Photo by Ajda Berzin on Unsplash
Asked to envision Ernest Hemingway, many people picture the great American author knocking back Daiquiris at the El Floridita Bar in Havana, marlin fishing off Key West, or perhaps stalking the Serengeti for a trophy lion. It’s difficult to imagine him, well, “working.”
The truth is, Hemingway worked very hard. And he was undeniably consistent. The regulars at Sloppy Joes remembered the Mojitos and the laughs and the sunsets, but they didn’t see him get up every morning and hit the typewriter (yes the manual kind where you had to punch the keys with your fingers) and pound out a 1000 words a day. “I start in at seven in the morning,” Hemingway said of his routine. “And I always quit when I’m going good, so that I’ll be able to pick right up again the next day.” The key is he did that nearly every day, week after week, for 30 years.
Is this easy to do? No way. It’s easier to sleep in the next morning, maybe try some ‘hair of the dog,’ or put it off another day. That’s what most people would do. But most people don’t produce 7 novels, 60 short stories and nab a Nobel Prize and a Pulitzer before retiring to the Happy Hunting Grounds in the sky.
This disciplined schedule allowed Hemingway the afternoons and evenings to indulge in his favorite pursuits such as fishing (or wooing a new wife). But even then, Hemingway was always working. Once, while out on his boat, Pilar, Hemingway spied a weathered, elderly man in a small boat dwarfed by the enormity of the Gulfstream. This image became the idea for the famed novella, “The Old Man and the Sea.”
At the bar Hemingway also worked; taking in the conversations, the tales, and the mannerisms of the colorful characters he encountered and working them into his stories bright and early the next morning. And it was the thought and effort he put into these stories that got them read and made him a success.
Maybe Hemingway drank too much, or fished too much, or walked down the aisle a few too many times, but he never let his vices or personal pursuits compromise his work. He pulled off this trick by having a daily game plan and sticking to it.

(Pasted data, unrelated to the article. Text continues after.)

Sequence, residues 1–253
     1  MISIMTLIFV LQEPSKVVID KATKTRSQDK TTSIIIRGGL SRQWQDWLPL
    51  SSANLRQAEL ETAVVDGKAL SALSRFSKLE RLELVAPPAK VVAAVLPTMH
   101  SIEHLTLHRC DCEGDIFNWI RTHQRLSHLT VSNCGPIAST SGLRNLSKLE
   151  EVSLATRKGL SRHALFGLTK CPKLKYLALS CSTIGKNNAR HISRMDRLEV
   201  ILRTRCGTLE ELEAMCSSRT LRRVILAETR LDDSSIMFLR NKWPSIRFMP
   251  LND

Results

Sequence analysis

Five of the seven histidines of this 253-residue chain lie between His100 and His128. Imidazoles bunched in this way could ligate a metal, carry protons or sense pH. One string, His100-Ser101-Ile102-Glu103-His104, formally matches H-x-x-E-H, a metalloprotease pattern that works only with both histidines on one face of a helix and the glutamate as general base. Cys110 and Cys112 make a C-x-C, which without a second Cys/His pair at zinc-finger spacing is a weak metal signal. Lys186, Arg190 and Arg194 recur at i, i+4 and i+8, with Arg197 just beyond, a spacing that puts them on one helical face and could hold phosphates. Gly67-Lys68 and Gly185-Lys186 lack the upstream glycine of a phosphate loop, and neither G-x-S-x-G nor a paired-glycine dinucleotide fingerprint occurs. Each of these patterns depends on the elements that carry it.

Oh, and he also liked to type standing up, before the stand-up desk was a thing.
Photo by Craig Whitehead on Unsplash
Last post, we told you how you’re living out a Private Eye Novel. Now we’re going to tell you what to do about it.
Different gumshoes take different approaches. Agatha Christie’s gentlemanly Hercule Poirot uses a Sherlock Holmes-style of methodical deduction to solve the case; and Mickey Spillaine’s hardboiled Mike Hammer has no qualms about getting in someone’s face and throwing a few elbows.
You might be inclined to try a little combination. As Raymond Chandler wrote, “Down these mean streets a man must go who is not himself mean, who is neither tarnished nor afraid.” You’ve got troubles, so let’s get crackin.’
1. Define the problem. You know what it is. In any good book it’s front and center and smacks you in the face. In crime fiction it’s a dead starlet in a pool, a missing Picasso, and a revolver with the hero’s prints on it. For you it might be legal trouble, the pressure to get a new job, a crushing debt, or a potential health issue.
2. Gather the clues. Set aside some time to consider the case. Need a job? What’s the best city for your industry? Got debt? What expenses are draining you? Got a persistent pain? Research the possible causes for your ailment. That means pounding some pavement along with some computer keys.
3. Set a deadline. Putting it off is no longer an option. If you don’t set a deadline then someone else will—the bank will foreclose on your home, the lawyers will get involved in a personal dispute, or that health problem will turn into something worse.
4. Identify the antagonist. Who’s holding you back? Not that you have to be paranoid, but there are toxic people who like you to stay just where you are, wallowing in your troubles. As they say, misery loves company. They’ll tell you there isn’t much hope, and they’ll point to the economy, the health care system, or the government to make their case, but tell ’em you ain’t buyin.’ Do your best to avoid negative people, negative news, legal entanglements, and doctors with answers that don’t seem to click. Did Bogart let anyone get in his face? Neither should you.
5. Find your allies. Every town is tough. But there is someone out there willing to cut you a break. Even Batman, a detective at his core, has Commissioner Gordon on his side. Talk to people who have experienced the same trouble as you and see how they handled it. Other laid off middle aged managers have found new jobs. People with the same bum ticker as you have regained their health. Innocent defendants out there have beaten the rap. And remember the best way to get help in life: it’s all about quid pro quo—help somebody get what they want, and they’ll help you get what you want.
6. Motivate yourself. From Dashiell Hammett’s Sam Spade to Janet Evanovich’s Stephanie Plum, part of the appeal of the private eye archetype is that we love their lone wolf, get-it-done attitude. We like to watch the odds stacked against a protagonist and see him come back with a vengeance and win in the end. You’ve gotta cop that attitude and put it to work for you. No one can motivate you to to solve your problems except yourself.
7. Fix the ending. In every good story the hero is tested by fire and comes out changed in some way. It’s happened to you before, and you can make it happen again. But don’t count on a happy ending lasting for long. When trouble’s the game, there’s usually gonna be a sequel.